Tories try to "placate" equal rights advocates after Grayling incident

Tories try to "placate" equal rights advocates after Grayling incident

By staff writers
11 Apr 2010

Equality campaigners say that they remain worried by the Conservative Party's ambiguous stance on gay rights, despite a meeting today (11 April) with the Shadow Chancellor, George Osborne.

The Tories have been under pressure over the issue since the Shadow Home Secretary, Chris Grayling, was recorded saying he thought guest house owners should be allowed to discriminate against same-sex couples.

Tamsin Omond, who is best known as an environmental activist and is a Christian lesbian, told Ekklesia that Osborne was “obviously trying to placate us”. She said that he “couldn't identify one policy” to improve the rights of lesbian, gay, bisexual or transgender (LGBT) people

The human rights activist, Peter Tatchell, said, “It was positive that they met us but disappointing that they had nothing to tell us”.

The Shadow Chancellor invited Tatchell and Omond to the meeting after they planned a protest and street party outside the Conservative Party's national headquarters. It took place this afternoon, with around 500 people encouraging the Tory leader, David Cameron, to “come out” over his position on gay rights.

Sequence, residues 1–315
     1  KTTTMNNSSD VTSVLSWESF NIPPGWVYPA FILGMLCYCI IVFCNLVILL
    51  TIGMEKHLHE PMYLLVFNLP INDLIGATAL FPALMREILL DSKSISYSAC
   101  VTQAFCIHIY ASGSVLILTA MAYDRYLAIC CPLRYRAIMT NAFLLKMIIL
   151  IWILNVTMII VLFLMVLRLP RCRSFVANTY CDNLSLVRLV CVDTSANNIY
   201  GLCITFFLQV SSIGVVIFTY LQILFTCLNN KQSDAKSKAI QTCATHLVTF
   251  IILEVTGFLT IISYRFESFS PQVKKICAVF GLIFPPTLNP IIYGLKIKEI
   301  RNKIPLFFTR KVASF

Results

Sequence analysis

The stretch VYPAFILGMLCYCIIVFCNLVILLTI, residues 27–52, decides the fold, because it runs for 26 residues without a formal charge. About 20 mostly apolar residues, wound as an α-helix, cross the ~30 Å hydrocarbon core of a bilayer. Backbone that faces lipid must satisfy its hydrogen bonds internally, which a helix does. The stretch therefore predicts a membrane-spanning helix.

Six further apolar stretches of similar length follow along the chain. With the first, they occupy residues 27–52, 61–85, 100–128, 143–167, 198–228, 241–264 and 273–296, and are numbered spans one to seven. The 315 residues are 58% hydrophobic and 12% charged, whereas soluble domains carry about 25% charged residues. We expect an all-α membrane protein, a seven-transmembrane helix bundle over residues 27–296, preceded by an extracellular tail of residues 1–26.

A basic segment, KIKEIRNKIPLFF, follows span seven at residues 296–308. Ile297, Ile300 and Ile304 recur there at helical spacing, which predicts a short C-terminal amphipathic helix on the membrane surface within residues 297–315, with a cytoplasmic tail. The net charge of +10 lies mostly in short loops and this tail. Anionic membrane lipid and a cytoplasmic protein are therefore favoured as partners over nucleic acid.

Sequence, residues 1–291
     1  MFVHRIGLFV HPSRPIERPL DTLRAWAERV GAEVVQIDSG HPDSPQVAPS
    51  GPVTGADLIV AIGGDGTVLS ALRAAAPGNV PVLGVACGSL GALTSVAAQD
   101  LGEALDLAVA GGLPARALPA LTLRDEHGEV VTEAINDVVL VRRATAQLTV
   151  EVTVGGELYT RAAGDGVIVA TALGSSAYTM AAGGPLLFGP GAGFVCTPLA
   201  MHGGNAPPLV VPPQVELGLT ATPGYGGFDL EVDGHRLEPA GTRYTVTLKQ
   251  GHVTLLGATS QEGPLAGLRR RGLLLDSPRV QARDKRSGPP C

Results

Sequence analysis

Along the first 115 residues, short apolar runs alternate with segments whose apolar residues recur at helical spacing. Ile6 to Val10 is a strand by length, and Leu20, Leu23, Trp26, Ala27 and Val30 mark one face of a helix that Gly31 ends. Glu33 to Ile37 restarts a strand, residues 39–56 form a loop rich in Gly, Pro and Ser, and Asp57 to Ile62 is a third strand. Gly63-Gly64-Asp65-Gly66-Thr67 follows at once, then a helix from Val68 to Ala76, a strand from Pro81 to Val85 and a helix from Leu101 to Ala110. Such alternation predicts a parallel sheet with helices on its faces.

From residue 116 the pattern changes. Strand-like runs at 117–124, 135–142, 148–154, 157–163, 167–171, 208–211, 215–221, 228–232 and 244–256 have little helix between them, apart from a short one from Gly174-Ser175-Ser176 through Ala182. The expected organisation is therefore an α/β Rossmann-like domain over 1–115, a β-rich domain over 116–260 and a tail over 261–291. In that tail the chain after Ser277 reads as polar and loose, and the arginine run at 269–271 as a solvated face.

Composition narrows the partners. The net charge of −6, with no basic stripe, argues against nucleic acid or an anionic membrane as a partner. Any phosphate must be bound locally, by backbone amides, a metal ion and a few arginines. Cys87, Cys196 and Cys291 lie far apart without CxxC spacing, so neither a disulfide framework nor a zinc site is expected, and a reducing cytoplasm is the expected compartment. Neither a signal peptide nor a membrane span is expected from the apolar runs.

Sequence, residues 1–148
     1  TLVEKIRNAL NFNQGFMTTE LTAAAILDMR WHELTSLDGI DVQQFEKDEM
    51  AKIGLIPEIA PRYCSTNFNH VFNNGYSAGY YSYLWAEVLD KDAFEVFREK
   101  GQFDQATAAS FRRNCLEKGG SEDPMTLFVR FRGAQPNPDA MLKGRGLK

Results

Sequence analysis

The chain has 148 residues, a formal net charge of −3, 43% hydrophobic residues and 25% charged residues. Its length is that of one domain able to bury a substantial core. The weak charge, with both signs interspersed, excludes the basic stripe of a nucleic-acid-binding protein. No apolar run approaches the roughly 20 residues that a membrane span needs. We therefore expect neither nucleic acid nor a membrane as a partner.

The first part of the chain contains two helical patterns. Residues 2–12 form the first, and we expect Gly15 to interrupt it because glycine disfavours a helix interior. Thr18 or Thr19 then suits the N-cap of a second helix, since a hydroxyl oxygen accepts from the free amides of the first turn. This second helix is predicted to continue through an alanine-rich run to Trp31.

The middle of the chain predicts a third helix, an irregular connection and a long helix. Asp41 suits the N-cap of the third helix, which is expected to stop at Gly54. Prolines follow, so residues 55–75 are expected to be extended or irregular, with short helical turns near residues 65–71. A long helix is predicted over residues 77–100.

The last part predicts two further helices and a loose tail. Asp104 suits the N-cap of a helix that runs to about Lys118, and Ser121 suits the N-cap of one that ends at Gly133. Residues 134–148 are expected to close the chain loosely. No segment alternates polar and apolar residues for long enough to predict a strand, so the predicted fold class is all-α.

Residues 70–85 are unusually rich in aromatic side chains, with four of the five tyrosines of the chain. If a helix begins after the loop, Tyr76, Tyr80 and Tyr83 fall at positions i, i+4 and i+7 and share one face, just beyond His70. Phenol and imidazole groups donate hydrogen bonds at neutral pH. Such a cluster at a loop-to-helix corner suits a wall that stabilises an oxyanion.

During the meeting, Tatchell pressed Osborne on the question of same-sex marriage. The law currently allows civil partnerships for same-sex couples but does not permit the use of the word “marriage”.

“The best he could do on gay marriage was [to] say he would consider it,” reported Tatchell. But he added that this appears to go further than the position of the current government.

A week ago (4 April), the Shadow Home Secretary, Chris Grayling, was secretly taped telling a private meeting, “If it's a question of somebody who's doing a B&B in their own home, that individual should have the right to decide who does and who doesn't come into their own home”. He made clear that he did not think that the same exemption should apply to hotels.

This differs from the Conservative Party's official policy on the issue. Campaigners have been quick to point out that Grayling has not been removed from his position and could well become Home Secretary, and therefore responsible for overseeing law enforcement, if the Tories win the election.

Peter Tatchell suggested that the Grayling incident had “done them [the Conservative Party] a lot of damage”.

Speaking to Ekklesia, Tamsin Omond encouraged Christians to support LGBT people's rights “because of Jesus”. She said that she regarded Christianity as “all about equality”.

[Ekk/1]

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